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WASHINGTON, DISTRICT OF COLUMBIA, UNITED STATES, October 30, 2020 / -- WASHINGTON, DC — Late afternoon on Thursday, October 29th, a majority of the Council of Washington, DC co-signed a letter calling upon Mayor Muriel Bowser to “identify and reallocate $4.5 million to provide no-interest, forgivable loans to assist small music venues in the District that are in danger of closing as a result of the COVID-19 pandemic.” The letter, drafted by At-Large DC Councilmember and candidate Robert White, was co-signed by councilmembers David Grosso (At-Large) Elissa Silverman (At-Large) Brianne Nadeau (Ward 1), Charles Allen (Ward 6), Trayon White (Ward 8) and Brooke Pinto (Ward 2). The DMV Music Stakeholders Coalition applauds these councilmembers for taking this important step towards preserving the musical legacy and creative economy of this Music City.

This win for the DMV Music Stakeholders Coalition comes on the heels of another important letter sent by Councilmember Nadeau the executive director of the DC Commission on the Arts and Humanities (DCCAH) last week. In the letter, the Councilmember asked the director to “reconfigure the priorities of (The Facilities and Buildings) Grant to meet immediate need,” noting that, “In our current environment, the District should place a lower priority on all but the most urgent capital improvements when so many spaces are struggling to stay open at all.” This letter followed the testimonies of DMV Music Stakeholders Coalition members to DCCAH at their monthly meeting, asking the Commission to redirect a portion of the $5 million allotment in their budget reserved for improvements to facilities to be used for mortgage and lease relief for our venues. Allocation of these funds could “jump start” two months of venue relief, giving the Mayor more time to secure the funding needed to support venues through the spring.

The response from Executive Director Sereke-Brhan was encouraging: “We are all sincerely appreciative that the Council passed emergency legislation to give the Commission the authority to use capital projects grant funds to provide rent or mortgage relief to grantees.” Dir. Sereke-Brhan added, “All of us at the Commission recognize the immense value and need for locally owned and operated arts venues. However, the current practice as informed by our enabling statutes is that such a decision must be voted on by the full board of commissioners, likely at the board’s regular monthly meeting on November 16.”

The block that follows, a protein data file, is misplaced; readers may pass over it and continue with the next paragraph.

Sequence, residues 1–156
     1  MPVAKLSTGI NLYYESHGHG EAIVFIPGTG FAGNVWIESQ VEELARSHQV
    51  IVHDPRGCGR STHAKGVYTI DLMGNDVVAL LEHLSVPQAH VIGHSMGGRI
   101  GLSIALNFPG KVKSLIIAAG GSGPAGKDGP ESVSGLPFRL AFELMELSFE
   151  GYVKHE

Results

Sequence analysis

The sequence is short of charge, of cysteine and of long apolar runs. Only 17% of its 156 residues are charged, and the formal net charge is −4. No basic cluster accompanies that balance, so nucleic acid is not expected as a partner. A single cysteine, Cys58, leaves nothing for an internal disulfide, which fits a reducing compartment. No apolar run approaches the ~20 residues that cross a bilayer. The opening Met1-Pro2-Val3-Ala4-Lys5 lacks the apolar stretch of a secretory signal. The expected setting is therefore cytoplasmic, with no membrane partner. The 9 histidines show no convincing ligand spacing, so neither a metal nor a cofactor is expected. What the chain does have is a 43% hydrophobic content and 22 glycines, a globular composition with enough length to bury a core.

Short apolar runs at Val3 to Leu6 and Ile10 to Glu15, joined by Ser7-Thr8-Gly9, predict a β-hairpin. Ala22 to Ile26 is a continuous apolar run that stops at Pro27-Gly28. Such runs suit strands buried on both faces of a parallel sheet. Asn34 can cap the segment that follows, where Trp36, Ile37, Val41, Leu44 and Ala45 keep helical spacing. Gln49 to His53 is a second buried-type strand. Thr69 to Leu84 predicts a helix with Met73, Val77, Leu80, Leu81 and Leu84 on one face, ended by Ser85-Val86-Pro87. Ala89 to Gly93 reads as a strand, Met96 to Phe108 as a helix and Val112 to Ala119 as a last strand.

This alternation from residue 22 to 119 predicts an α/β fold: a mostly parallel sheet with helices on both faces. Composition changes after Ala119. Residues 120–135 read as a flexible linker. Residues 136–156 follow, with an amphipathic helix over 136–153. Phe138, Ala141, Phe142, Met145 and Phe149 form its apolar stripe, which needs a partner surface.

On Tuesday the DMV Music Stakeholders Coalition organized a day of action in support of the Music Venue Relief Act. Musicians and advocates led an all-day musical protest across the street from the Wilson Building, and rallied musicians throughout the city to host virtual performances at 6pm, meant to educate the public and our elected officials about the #SaveDCVenues Campaign. “We are excited that the city is listening and that people care about their music scene and don't want to see more venues go extinct.” said Chris Naoum, founder of Listen Local First DC and member of the Coalition.

On November 3rd, the coalition plans to have musical representatives at polling locations in each Ward in Washington DC to raise awareness of the Music Venue Relief Act and to urge constituents to also reach out directly to Mayor Bowser in support of the legislation’s passage and funding.

About the DMV Music Stakeholder Coalition

The DMV Music Stakeholder Coalition is made up of musicians, collectives, venues, non-profits, presenters, and advocates from across the DMV who live and work within the DC music ecosystem. This Coalition came together in March as a way to share COVID resources and updates throughout the broader community, filling a gap left by city leadership.

Aaron Myers
DMV Music Stakeholder Coalition
+1 202-907-9236
email us here